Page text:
Heavy-duty vehicle fuel efficiency and greenhouse gas emissions standards are a signature program of the Obama administration, initially adopted in 2011. The Department of Transportation (DOT) and the Environmental Protection Agency (EPA) adopted a second phase of the program last month, built on the success of the Phase 1 program. Phases 1 and 2 together will reduce fuel consumption of new heavy-duty vehicles by 25-48%, depending on vehicle type, between model years 2010 and 2027.
Recent press accounts of automobile fuel economy trends express concern that light trucks won’t be able to keep up with rising fuel economy (CAFE) standards.
Over the past 40 years, light-duty vehicles in the United States have achieved remarkable gains in both fuel economy and performance. The graph below shows average miles per gallon, power-to-weight ratio, and 0-to-60 acceleration time of new cars and light trucks since the late 1970s. Fuel economy improved dramatically from 1975 to 1987, driven by the original Corporate Average Fuel Economy (CAFE) standards, which were adopted in 1975 in response to the 1973 oil embargo by Arab states.
New fuel efficiency and greenhouse gas emissions standards for heavy-duty vehicles and engines, proposed this summer, have just run the gauntlet of public comment on their way to final adoption next year. As proposed, these Phase 2 standards would provide major gains in fuel efficiency for heavy-duty vehicles by 2027.
Recently, the Department of Energy (DOE) and the White House Office of Science and Technology released the second Quadrennial Technology Review, or QTR. The 489 page tome bears resemblance to many other government reports that are too often relegated to the TL;DR file—too long; didn’t read. That would be unfortunate for those of us who care about the future of energy efficiency technologies.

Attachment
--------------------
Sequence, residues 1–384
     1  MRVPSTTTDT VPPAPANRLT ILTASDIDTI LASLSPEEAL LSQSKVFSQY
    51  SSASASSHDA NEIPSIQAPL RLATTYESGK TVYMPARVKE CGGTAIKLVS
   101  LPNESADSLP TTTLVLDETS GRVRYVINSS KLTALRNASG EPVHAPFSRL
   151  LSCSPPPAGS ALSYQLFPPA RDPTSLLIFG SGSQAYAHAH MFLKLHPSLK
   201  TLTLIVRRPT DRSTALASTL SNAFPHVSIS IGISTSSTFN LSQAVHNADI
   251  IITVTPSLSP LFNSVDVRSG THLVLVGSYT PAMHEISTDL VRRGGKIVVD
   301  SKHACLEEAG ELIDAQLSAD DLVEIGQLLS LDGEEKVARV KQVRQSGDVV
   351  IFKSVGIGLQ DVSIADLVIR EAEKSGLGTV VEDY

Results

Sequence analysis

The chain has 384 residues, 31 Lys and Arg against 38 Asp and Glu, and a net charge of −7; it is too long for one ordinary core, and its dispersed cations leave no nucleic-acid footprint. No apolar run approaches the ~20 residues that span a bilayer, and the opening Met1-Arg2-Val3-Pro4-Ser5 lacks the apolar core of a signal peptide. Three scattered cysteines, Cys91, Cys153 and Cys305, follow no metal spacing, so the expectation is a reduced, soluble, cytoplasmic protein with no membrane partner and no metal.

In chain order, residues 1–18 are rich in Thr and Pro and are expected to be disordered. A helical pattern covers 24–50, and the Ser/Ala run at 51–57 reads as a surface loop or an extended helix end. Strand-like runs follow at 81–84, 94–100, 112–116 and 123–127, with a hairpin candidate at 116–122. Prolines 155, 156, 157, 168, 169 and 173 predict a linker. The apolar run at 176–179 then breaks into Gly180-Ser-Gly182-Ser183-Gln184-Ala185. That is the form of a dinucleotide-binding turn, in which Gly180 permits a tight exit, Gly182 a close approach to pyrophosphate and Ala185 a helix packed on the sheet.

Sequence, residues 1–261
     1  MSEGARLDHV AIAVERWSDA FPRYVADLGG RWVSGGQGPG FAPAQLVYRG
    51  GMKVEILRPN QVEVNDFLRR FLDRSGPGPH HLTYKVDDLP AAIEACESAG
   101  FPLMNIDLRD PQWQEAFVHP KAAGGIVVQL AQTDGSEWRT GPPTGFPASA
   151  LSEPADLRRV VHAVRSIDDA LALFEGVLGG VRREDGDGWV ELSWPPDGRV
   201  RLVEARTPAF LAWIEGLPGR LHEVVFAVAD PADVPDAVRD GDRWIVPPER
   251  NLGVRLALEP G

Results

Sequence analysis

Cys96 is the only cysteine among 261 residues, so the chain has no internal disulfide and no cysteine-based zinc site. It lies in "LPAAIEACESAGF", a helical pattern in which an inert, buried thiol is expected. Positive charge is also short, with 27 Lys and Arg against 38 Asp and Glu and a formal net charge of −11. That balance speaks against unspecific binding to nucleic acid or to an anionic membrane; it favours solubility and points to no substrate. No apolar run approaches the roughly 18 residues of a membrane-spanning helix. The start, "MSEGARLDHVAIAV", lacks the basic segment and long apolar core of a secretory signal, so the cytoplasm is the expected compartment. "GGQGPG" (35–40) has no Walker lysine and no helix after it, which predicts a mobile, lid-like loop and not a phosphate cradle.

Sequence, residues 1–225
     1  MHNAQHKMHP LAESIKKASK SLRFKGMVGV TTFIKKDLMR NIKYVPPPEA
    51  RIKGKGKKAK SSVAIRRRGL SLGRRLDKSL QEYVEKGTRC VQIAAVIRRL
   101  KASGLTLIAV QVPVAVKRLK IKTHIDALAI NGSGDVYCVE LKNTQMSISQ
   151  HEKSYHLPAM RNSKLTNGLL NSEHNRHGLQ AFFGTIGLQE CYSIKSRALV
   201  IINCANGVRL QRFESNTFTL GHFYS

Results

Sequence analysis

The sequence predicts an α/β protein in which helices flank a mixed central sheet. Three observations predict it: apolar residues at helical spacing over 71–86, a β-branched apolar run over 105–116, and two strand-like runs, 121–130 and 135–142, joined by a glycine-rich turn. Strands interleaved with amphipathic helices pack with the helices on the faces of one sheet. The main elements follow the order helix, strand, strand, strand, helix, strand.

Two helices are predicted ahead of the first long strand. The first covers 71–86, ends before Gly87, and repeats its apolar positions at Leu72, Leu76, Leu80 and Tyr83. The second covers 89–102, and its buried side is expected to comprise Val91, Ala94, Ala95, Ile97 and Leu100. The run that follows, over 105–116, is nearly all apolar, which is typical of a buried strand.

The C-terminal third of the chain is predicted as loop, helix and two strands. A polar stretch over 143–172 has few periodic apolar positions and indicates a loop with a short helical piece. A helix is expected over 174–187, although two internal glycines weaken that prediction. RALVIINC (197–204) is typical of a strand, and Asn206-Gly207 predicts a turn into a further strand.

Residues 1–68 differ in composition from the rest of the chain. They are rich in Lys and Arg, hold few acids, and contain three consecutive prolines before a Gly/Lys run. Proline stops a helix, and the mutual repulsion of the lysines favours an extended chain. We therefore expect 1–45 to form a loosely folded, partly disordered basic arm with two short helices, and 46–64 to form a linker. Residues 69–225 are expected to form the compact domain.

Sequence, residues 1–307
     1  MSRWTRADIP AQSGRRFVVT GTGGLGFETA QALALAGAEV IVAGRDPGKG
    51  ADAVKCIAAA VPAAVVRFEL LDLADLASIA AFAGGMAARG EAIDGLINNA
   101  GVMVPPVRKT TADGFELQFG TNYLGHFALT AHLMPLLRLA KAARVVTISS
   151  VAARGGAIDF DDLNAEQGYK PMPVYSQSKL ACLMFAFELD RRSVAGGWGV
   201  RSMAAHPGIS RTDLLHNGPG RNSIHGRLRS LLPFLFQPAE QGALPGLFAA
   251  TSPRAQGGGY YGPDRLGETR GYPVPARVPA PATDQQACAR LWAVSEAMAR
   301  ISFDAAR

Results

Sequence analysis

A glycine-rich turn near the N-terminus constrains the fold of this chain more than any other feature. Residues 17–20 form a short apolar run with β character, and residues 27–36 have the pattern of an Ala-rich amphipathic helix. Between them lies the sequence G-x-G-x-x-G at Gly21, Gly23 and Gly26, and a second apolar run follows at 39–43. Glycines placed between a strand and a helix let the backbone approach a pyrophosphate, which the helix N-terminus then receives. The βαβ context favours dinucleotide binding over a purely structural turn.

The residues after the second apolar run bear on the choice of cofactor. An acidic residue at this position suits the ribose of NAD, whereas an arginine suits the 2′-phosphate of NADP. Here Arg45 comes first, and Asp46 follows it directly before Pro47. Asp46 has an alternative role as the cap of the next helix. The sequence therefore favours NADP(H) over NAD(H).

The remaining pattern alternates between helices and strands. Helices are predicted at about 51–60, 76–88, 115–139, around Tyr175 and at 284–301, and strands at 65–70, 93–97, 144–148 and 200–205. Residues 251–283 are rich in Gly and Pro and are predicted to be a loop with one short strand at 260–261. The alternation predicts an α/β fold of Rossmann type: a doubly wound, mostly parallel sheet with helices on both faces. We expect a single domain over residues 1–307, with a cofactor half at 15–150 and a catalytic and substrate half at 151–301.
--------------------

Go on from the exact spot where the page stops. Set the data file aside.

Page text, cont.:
On September 18th, the Environmental Protection Agency issued a notice of violation of the Clean Air Act to Volkswagen for including software in their diesel vehicles that helps circumvent EPA emission standards for nitrogen oxides. As a result, greenercars.org has suspended Green Scores for the affected vehicles until further notice as these scores are no longer valid. Read more at greenercars.org.
Efforts to reduce energy consumption in the transport of goods often run up against the demand for speed, convenience, flexibility, and security. Send a shipment by energy-intensive air or truck if it is valuable or time-sensitive – rail or water will do if it’s not. The fundamental tension in moving goods today is between individualized treatment for each shipment and the efficiency of the system as a whole. But information and communications technologies (ICT) are increasingly offering ways to avoid that tradeoff.
In 2011, the EPA and NHTSA adopted the first-ever fuel efficiency and greenhouse gas emissions standards for medium- and heavy-duty vehicles and engines built for the 2014 to 2018 model years. Those standards, although not demanding enough to promote adoption of all available efficiency technologies, will benefit truckers and consumers and save over a half-million barrels of oil per day by 2030.
Last week a National Research Council (NRC) committee on heavy-duty vehicles released a report on technological, market, and regulatory factors relevant to the upcoming Phase 2 heavy-duty vehicle fuel efficiency and greenhouse emissions standards.
The president recently announced that a second phase of fuel efficiency and [no-glossary]greenhouse gas[/no-glossary] standards for heavy-duty vehicles will be proposed in March of 2015, with rule adoption a year later. Some aspects of the program are likely to change from the first phase of the standards.